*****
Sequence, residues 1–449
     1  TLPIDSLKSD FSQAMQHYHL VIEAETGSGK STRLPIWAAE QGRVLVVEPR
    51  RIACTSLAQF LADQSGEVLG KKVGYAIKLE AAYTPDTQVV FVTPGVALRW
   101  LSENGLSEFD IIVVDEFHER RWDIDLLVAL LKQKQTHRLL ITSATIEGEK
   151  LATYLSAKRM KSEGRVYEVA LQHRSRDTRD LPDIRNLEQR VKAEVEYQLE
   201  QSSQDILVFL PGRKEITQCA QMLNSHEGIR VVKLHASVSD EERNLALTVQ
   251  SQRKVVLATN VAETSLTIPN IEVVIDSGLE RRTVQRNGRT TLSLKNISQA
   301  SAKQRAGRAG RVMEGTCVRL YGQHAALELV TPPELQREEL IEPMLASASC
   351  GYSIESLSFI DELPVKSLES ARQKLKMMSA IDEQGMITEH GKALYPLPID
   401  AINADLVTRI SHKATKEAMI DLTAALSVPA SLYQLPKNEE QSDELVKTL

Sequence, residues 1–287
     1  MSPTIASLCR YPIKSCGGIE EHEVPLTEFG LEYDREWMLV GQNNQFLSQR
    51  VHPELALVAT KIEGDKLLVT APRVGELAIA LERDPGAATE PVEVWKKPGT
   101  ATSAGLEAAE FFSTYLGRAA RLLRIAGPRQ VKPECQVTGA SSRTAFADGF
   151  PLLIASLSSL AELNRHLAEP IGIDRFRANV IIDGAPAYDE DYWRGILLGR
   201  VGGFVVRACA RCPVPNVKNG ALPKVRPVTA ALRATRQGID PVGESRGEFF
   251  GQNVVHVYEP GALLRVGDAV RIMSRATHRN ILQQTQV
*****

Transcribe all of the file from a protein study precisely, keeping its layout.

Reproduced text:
Sequence, residues 1–449
     1  TLPIDSLKSD FSQAMQHYHL VIEAETGSGK STRLPIWAAE QGRVLVVEPR
    51  RIACTSLAQF LADQSGEVLG KKVGYAIKLE AAYTPDTQVV FVTPGVALRW
   101  LSENGLSEFD IIVVDEFHER RWDIDLLVAL LKQKQTHRLL ITSATIEGEK
   151  LATYLSAKRM KSEGRVYEVA LQHRSRDTRD LPDIRNLEQR VKAEVEYQLE
   201  QSSQDILVFL PGRKEITQCA QMLNSHEGIR VVKLHASVSD EERNLALTVQ
   251  SQRKVVLATN VAETSLTIPN IEVVIDSGLE RRTVQRNGRT TLSLKNISQA
   301  SAKQRAGRAG RVMEGTCVRL YGQHAALELV TPPELQREEL IEPMLASASC
   351  GYSIESLSFI DELPVKSLES ARQKLKMMSA IDEQGMITEH GKALYPLPID
   401  AINADLVTRI SHKATKEAMI DLTAALSVPA SLYQLPKNEE QSDELVKTL

Sequence, residues 1–287
     1  MSPTIASLCR YPIKSCGGIE EHEVPLTEFG LEYDREWMLV GQNNQFLSQR
    51  VHPELALVAT KIEGDKLLVT APRVGELAIA LERDPGAATE PVEVWKKPGT
   101  ATSAGLEAAE FFSTYLGRAA RLLRIAGPRQ VKPECQVTGA SSRTAFADGF
   151  PLLIASLSSL AELNRHLAEP IGIDRFRANV IIDGAPAYDE DYWRGILLGR
   201  VGGFVVRACA RCPVPNVKNG ALPKVRPVTA ALRATRQGID PVGESRGEFF
   251  GQNVVHVYEP GALLRVGDAV RIMSRATHRN ILQQTQV